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Your locally-owned newspaper, serving North Bend and Snoqualmie, Washington

6-year-old checks the mailbox Page 8

Valley twins get into the swing of kendama

August 29, 2013 VOL. 5, NO. 34

Blowing in the wind Line drying laundry has local adherents Page 2

By David Hayes The Native Americans call it the Ring & Pin game. To the South Americans, it’s a balero. And the Japanese have been playing for centuries with the kendama. Wherever it was first invented, it seems many cultures around the world developed a traditional children’s toy that has a handle, a string and a ball or cup, with the simple goal of catching one end with the other. Twins Nick and Zack Gallagher discovered the kendama about a year and a half ago and were immediately hooked. “A 10th-grader started it at the Snoqualmie Community Center, showed it to us and we started trying it,” said Zack, 13. “It was really addictive,”

Don’t drink and drive Police are cracking down on driving drunk or high. Page 3

added Nick, the older of the two by a full minute. “At first, I thought catching the ball was all there was to it. But then, we got really stoked on it.” The kendama is made up of the “Ken” or handle, and the “Tama” ball, connected by a string. Flick the Ken just right, the ball sails on the end of the string and sticks a landing on the spike at the end of the Ken. The more advanced a player gets, the more places along the Ken the Tama is caught and vise versa. Soon, the brothers had their own kendamas. Their collection would balloon to 20 or 30 — they admit losing count. When they first began, dozens of Snoqualmie residents they knew were into the kendama craze. Now, however, they See KENDAMA, Page 3

Fish tale Campers get a taste of fishing, and fish. Page 5

Police blotter Page 7

By Brandon Adam

Nick Mitchell, No. 3, is the returning quarterback for the Wildcats.

Football team aiming to follow incredible season By Brandon Adam

Mount Si Varsity football is aiming for another excellent season this year, featuring a strong, talented, and cohesive team.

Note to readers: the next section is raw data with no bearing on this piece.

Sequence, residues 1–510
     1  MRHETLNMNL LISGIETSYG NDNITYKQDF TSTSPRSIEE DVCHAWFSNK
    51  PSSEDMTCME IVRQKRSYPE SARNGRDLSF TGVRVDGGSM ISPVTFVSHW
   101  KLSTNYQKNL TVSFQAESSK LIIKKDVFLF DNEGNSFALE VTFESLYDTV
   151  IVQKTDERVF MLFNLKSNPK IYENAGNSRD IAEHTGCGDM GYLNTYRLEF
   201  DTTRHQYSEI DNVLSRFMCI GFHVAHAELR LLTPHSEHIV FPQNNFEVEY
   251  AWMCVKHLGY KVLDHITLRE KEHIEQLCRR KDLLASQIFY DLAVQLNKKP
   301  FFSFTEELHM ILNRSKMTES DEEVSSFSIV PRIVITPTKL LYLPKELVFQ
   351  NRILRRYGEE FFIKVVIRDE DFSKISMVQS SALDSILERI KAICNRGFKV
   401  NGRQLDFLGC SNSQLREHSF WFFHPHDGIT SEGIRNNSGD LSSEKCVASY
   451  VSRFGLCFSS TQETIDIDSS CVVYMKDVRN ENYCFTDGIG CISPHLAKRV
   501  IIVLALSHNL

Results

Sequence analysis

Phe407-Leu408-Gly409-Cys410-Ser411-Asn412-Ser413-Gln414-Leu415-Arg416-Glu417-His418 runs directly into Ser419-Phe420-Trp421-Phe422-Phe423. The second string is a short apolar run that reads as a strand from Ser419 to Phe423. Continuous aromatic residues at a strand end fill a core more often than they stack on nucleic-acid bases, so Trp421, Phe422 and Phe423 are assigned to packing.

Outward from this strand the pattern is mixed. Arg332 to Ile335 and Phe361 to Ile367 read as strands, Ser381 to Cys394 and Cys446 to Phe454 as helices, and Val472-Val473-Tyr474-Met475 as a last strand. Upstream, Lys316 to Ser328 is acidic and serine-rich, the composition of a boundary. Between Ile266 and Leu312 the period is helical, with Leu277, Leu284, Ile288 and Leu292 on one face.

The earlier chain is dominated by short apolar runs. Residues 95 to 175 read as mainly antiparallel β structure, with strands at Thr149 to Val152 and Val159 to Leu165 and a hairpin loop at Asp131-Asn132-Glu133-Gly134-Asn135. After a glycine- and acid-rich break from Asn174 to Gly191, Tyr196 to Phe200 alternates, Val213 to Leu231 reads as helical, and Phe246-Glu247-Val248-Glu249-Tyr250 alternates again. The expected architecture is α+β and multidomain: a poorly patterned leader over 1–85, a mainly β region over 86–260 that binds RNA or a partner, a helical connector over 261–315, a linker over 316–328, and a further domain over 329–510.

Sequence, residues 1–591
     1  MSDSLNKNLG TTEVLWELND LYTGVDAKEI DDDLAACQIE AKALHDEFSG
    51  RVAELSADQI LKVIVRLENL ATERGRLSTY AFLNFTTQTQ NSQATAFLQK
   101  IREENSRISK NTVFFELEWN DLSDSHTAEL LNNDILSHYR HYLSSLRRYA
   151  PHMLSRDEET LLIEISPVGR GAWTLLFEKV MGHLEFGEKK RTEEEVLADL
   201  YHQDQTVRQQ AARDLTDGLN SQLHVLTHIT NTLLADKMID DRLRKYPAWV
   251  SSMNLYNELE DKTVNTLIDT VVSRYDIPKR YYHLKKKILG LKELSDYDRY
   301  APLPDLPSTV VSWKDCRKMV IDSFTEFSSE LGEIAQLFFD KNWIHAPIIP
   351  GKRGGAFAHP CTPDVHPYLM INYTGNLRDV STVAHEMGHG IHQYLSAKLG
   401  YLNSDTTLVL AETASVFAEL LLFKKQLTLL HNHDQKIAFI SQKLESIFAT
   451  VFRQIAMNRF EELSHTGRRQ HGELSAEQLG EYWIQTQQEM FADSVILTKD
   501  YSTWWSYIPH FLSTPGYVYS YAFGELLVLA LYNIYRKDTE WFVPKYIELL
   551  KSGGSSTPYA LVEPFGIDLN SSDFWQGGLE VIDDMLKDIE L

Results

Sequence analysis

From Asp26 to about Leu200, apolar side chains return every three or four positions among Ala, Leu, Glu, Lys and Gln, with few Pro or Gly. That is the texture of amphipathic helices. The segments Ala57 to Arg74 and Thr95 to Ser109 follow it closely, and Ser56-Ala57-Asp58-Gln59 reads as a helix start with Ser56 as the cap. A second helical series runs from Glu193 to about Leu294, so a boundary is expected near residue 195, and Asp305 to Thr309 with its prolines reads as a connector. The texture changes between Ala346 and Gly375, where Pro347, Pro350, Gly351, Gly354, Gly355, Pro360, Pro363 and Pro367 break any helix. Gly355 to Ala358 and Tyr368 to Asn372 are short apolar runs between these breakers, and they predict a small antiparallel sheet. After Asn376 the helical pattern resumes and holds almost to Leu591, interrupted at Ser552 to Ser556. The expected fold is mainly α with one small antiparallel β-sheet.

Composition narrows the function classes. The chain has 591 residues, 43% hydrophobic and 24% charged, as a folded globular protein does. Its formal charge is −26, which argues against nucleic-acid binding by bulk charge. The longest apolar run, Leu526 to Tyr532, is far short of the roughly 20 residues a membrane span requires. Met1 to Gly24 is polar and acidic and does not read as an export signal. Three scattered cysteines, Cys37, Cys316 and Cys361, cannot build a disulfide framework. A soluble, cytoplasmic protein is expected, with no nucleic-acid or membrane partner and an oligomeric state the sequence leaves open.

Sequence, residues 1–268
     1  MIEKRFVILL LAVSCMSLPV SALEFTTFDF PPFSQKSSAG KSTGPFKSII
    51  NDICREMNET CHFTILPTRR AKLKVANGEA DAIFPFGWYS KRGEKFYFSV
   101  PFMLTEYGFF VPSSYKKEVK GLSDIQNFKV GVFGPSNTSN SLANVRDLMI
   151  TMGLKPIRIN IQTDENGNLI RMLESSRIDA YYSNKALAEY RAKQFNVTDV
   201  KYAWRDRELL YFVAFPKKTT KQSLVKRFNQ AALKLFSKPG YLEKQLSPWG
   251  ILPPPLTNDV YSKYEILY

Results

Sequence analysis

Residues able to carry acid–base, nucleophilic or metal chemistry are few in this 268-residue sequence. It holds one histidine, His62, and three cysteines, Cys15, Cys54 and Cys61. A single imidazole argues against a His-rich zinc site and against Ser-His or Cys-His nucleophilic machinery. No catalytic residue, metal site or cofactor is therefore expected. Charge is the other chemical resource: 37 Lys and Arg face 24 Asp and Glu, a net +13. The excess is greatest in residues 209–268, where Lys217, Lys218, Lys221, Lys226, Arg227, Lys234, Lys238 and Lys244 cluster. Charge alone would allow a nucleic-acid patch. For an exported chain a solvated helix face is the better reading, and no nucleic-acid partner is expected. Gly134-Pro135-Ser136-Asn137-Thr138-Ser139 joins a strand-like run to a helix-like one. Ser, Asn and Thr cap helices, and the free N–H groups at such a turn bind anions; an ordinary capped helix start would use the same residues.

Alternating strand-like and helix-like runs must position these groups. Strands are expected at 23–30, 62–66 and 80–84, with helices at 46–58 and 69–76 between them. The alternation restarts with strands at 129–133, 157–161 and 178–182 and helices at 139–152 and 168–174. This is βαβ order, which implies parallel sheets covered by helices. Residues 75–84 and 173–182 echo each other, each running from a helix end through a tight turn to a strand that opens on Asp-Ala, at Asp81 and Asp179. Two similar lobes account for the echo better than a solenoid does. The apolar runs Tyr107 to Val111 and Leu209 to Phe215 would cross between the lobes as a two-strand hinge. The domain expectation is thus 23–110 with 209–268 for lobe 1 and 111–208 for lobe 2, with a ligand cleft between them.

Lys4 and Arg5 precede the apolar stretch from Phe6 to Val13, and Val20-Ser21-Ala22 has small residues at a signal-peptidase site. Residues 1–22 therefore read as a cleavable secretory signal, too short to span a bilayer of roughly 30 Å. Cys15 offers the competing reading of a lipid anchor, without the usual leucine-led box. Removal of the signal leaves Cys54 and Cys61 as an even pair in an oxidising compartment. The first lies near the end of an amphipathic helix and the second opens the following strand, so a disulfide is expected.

Last year, the Wildcats went 8-1 in their regular season and then 11-2 in conference, earning a trip to the Dome. They lost to By David Hayes

See FOOTBALL, Page 9

Nick (left) and Zach Gallagher demonstrate a basic catch technique.

Champion crowned Boeing classic winner is longtime golf veteran. Page 9

Kool and the Gang to perform at Snoqualmie Casino By Kevin Ebi

Prsrt Std U.S. Postage PAID Kent, WA Permit No. 71 POSTAL CUSTOMER

Kool and the Gang, the partfunk, part-pop band best known for its hits “Celebration” and “Lady’s Night,” isn’t quite ready to celebrate its 50th anniversary. But the band leader promises its upcoming concert at the Snoqualmie Casino will be quite the party nonetheless. “It’s a high energy show,” said bassist Robert “Kool” Bell, who formed the band. “In some venues, security tries to keep people down and away from the

stage. We try to work it out by the last three songs. We’re like, `Let the people go. They want to party.’” The band performed at the casino last year. Kool said the show went incredibly well and there was no doubt the band would be back. “It was a great show,” he said. “They immediately booked us again. They said, `We want you for Labor Day Weekend.’” The contract was signed in less than a week. After touring extensively for

Kool and the Gang

7 p.m. Aug. 30 Mountain View Plaza At Snoqualmie Casino Tickets $25-$60 Note: You must be 21 or older to attend this concert. a few years, the band has largely spent the summer at home in the studio. By phone from New Jersey where he’s putting

the finishing touches on the band’s first holiday album, Kool said he’s excited to release it in October. The band has been talking about doing one for years. He’s also planning for next year, the band’s 50th anniversary. The band will celebrate with another new album, its first non-holiday studio album in six years. Kool is busy lining up guest artists to perform on it, wanting to create a 50th celebraSee KOOL, Page 2


SnoValley Star

AUGUST 29, 2013